2011 was a year of heartbreaking tragedies for journalists caught up in the tide of massive world events. Certain cases of journalists killed and attacked in the crossfire of the stories they were reporting stand out. In 2011, there were many instances in which the media became part of the story they were covering. Sometimes they themselves became the story.
The tide of Arab Spring that swept across many countries in the Middle East during 2011 was hailed as a humanistic victory for the region and the world. But it came at an incredibly high cost, and with very murky results. It might be too early to see what the results of the popular uprisings in the countries impacted by Arab Spring will be, but it is not too soon to see at what cost the changes came, among them that the media is more a target than ever before.
Photographers Chris Hondros’s and Tim Hetherington’s shocking deaths in Misrata, Libya were significant losses. Both men were at the height of their unique careers. Their work was highly valuable to the international public discourse on the stories they covered. The horrific sexual assault of correspondent Lara Logan in Cairo, Egypt shocked the world. The days-long captivity of dozens of journalists in the Rixos Hotel in Tripoli was another indication of how much international correspondents are needed, but how vulnerable they can be. In Syria, cameraman Ferzat Jarban was seen being taken into custody by officials while on the job. He was soon after found dead on the side of the road with his eyes gouged out. In September, when the Israeli embassy in Cairo was stormed by angry mobs, there were numerous Tweets from journalists on the ground reporting that they had seen other reporters getting attacked by the mob.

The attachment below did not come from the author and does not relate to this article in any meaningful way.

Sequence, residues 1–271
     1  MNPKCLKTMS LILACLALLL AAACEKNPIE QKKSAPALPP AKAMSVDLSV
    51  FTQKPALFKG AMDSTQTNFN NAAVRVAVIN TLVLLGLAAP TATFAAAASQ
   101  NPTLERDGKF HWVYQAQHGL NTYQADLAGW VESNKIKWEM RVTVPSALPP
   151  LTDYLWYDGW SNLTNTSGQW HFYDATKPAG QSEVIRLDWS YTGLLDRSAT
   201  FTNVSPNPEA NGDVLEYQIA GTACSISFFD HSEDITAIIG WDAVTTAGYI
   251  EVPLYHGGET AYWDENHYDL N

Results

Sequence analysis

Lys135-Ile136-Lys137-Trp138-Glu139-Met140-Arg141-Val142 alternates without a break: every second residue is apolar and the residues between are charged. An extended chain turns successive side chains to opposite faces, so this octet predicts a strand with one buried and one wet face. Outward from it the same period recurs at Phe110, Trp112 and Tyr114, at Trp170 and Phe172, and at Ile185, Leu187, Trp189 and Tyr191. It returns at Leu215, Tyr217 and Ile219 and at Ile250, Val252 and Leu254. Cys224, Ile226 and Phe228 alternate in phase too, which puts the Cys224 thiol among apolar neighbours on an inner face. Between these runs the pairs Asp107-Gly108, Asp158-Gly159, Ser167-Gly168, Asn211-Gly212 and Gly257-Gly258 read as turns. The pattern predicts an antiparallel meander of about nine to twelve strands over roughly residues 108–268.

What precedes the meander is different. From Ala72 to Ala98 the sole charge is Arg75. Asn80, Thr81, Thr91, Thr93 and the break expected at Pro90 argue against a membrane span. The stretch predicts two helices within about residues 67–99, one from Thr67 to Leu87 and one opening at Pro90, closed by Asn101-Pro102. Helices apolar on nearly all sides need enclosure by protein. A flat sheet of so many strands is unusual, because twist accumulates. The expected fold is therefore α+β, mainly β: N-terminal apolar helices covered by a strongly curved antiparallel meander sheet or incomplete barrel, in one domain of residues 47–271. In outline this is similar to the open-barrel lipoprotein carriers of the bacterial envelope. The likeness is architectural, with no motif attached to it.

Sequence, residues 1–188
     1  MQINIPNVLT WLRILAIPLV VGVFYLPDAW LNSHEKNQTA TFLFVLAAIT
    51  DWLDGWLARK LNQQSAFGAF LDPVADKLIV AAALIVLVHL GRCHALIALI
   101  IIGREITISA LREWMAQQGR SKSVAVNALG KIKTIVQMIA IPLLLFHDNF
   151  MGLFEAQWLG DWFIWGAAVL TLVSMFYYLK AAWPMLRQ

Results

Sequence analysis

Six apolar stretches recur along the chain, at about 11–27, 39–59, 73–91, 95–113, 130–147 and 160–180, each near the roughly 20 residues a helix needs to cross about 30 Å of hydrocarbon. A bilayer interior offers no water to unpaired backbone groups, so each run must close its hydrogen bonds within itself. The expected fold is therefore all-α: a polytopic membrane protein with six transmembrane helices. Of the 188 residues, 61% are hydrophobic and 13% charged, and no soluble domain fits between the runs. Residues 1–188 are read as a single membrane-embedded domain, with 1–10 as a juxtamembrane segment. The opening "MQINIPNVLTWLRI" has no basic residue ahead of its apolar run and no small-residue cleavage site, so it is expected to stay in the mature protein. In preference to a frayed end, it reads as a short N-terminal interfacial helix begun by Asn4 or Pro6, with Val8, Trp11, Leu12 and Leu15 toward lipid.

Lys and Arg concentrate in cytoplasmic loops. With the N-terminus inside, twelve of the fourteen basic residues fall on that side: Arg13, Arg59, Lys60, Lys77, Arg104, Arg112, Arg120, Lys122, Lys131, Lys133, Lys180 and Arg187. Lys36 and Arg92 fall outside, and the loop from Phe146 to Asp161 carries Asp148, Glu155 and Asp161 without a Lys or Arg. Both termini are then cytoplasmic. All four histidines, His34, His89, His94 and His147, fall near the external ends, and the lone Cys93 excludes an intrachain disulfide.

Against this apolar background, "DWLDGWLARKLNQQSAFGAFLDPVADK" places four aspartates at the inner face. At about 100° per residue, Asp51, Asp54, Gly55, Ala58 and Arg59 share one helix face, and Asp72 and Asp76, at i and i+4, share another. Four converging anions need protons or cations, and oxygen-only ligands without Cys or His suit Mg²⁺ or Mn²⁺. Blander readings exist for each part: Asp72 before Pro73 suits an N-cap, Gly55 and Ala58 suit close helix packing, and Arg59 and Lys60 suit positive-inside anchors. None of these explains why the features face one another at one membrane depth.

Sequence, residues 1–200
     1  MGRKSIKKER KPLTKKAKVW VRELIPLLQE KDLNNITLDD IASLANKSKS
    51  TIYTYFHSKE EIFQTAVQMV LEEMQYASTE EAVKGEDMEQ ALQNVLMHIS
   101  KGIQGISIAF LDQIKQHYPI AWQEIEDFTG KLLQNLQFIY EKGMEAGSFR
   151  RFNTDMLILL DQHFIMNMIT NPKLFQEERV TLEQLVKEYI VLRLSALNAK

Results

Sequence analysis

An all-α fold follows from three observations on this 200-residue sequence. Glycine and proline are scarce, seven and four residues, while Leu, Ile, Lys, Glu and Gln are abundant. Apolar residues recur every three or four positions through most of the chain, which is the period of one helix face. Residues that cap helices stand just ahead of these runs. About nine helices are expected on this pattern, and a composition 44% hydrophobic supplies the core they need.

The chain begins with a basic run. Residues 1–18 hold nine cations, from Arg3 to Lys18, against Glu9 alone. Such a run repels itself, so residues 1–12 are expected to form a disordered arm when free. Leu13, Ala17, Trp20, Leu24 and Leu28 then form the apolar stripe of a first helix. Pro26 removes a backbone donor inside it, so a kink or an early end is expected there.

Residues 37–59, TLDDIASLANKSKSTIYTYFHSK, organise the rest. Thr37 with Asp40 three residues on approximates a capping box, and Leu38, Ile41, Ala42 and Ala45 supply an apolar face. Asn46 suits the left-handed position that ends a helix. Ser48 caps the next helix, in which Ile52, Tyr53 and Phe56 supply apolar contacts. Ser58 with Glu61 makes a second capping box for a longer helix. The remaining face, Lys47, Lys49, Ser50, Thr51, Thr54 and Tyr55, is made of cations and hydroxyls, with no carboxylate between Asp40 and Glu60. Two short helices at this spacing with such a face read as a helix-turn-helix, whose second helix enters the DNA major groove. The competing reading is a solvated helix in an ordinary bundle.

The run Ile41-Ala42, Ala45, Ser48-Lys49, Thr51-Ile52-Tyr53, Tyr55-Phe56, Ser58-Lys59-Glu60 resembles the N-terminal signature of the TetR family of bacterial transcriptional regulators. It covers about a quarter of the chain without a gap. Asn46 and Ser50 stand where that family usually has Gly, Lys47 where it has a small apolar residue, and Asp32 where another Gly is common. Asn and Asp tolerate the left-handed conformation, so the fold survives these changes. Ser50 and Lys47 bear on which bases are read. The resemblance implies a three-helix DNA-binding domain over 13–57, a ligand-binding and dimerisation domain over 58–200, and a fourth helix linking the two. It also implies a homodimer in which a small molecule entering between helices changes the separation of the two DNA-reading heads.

Ironically, many of the same stories of tragedy also provide inspiration. Lara Logan, in an interview with 60 Minutes, broke the unwritten code of silence for female journalists who were sexually assaulted while on the job. One of Chris Hondros’s last photos ever taken–on the afternoon he was killed–was named by TIME magazine as a top 10 photo of 2011. The reporters who were trapped in the Rixos Hotel conducted themselves, by all accounts, with tremendous professionalism and restraint. Matthew Chance, CNN International Foreign Correspondent, even managed to send out detailed, informative Tweets from inside the Rixos during the ordeal. Local reporters in Syria continue to work despite the cloud of murder they operate under after the thinly veiled, violent threat sent to them via the brutal murder of their colleague.
All of this shows not only that the world can still surprise us with its sudden change, as in the downfall of the decades-old regime of Gaddhafi in Libya. Or the Egyptian citizens who continue to insist on self-governance, despite a very rocky beginning. The work of journalists during 2011 was commendable, remarkable, highly valuable, and tragic. It will always be remembered simultaneously as a year of great change and loss.